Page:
Gnosis, or simply knowledge and knowing, is often associated with ancient wisdom traditions. But we are all seeking gnosis through the activities we do.
The drive behind doing science, for example, is the effort to know the world around us and know ourselves. A scientist may work alone in a laboratory, but a physician necessarily works in relationship with a patient, partaking in dia-gnosis, knowing that flows between the shores of two individuals. It is a shared knowing, and therein lives its beauty.
We walk into patients' rooms, introduce ourselves, and invite them to tell us their story, asking them to translate and share their gnosis. They are the experts when it comes to their experience. We are the experts when it comes to having a framework for understanding those experiences, given a set of assumptions. These two kinds of gnosis meet in that tender space between the physician and patient. This is why the doctor-patient relationship is sacred; it represents a shared gnosis, a shared living, a shared being. The expertise of one is not enough.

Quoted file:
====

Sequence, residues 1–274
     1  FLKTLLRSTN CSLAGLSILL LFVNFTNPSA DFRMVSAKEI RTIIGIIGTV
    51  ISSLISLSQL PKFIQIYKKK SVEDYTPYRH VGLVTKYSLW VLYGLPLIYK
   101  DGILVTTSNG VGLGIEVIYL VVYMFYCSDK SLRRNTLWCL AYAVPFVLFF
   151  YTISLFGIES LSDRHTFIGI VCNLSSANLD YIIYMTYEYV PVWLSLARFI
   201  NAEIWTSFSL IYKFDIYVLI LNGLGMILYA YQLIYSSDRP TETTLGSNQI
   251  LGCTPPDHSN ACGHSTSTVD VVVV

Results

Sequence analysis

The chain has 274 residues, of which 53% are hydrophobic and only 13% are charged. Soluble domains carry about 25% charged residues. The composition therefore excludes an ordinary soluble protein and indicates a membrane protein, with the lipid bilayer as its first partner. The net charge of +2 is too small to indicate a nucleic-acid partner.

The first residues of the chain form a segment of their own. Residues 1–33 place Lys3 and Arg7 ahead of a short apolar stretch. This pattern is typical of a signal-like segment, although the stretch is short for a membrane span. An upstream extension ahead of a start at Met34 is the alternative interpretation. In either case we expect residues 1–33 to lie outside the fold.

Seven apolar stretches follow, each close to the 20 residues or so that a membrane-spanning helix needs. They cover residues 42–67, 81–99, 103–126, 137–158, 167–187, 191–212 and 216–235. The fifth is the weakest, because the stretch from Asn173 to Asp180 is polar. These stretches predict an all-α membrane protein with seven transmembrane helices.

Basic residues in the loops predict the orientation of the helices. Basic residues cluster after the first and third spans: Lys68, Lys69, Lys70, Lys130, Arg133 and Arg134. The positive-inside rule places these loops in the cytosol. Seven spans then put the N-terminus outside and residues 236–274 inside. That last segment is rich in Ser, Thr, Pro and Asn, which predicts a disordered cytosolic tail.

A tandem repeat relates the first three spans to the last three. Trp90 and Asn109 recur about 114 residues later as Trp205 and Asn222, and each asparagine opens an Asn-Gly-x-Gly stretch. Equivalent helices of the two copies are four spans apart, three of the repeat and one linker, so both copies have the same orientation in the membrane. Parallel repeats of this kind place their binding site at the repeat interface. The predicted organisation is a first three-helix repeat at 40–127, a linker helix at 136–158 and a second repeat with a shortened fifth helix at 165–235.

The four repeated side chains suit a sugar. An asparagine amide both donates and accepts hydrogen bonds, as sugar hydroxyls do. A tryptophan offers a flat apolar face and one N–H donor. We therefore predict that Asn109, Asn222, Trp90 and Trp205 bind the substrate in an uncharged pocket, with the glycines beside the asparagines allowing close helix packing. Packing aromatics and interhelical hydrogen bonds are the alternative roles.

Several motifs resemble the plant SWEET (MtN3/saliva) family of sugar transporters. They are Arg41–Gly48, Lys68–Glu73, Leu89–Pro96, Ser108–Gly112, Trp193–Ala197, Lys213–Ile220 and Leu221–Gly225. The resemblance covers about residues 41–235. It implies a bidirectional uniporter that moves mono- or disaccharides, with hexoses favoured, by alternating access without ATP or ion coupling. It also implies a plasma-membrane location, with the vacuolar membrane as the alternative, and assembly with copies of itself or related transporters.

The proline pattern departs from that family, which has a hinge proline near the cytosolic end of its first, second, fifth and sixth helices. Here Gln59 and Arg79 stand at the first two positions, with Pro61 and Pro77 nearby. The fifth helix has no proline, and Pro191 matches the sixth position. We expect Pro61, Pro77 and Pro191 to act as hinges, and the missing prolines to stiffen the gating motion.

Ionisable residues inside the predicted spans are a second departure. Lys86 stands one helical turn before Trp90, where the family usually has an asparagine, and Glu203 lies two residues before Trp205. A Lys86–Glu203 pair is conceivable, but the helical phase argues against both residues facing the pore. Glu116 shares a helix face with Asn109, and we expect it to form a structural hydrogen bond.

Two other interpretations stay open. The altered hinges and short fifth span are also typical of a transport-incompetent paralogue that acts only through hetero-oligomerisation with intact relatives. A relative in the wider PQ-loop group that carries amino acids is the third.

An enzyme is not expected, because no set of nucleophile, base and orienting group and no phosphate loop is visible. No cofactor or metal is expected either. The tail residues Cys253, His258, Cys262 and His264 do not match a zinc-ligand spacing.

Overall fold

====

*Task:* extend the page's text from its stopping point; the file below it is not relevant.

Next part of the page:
The best diagnosis cannot be reached when gnosis is not shared. We move from the range of diagnosis to the range of monognosis, a one-sided story. Abdominal pain may be a good diagnosis, but a better diagnosis may be appendicitis, provided it is suggested by the history and exam. In this space between the doctor and the patient, waves of knowing ebb and flow, revealing to each, wave by wave, the shared diagnosis. Laboratory testing and imaging contribute to this picture to the extent the picture has been fleshed out through the experience of sharing.
Next time you walk into a room, pause to recognize the tradition of shared gnosis in which you are partaking. It is a tradition as old as humankind.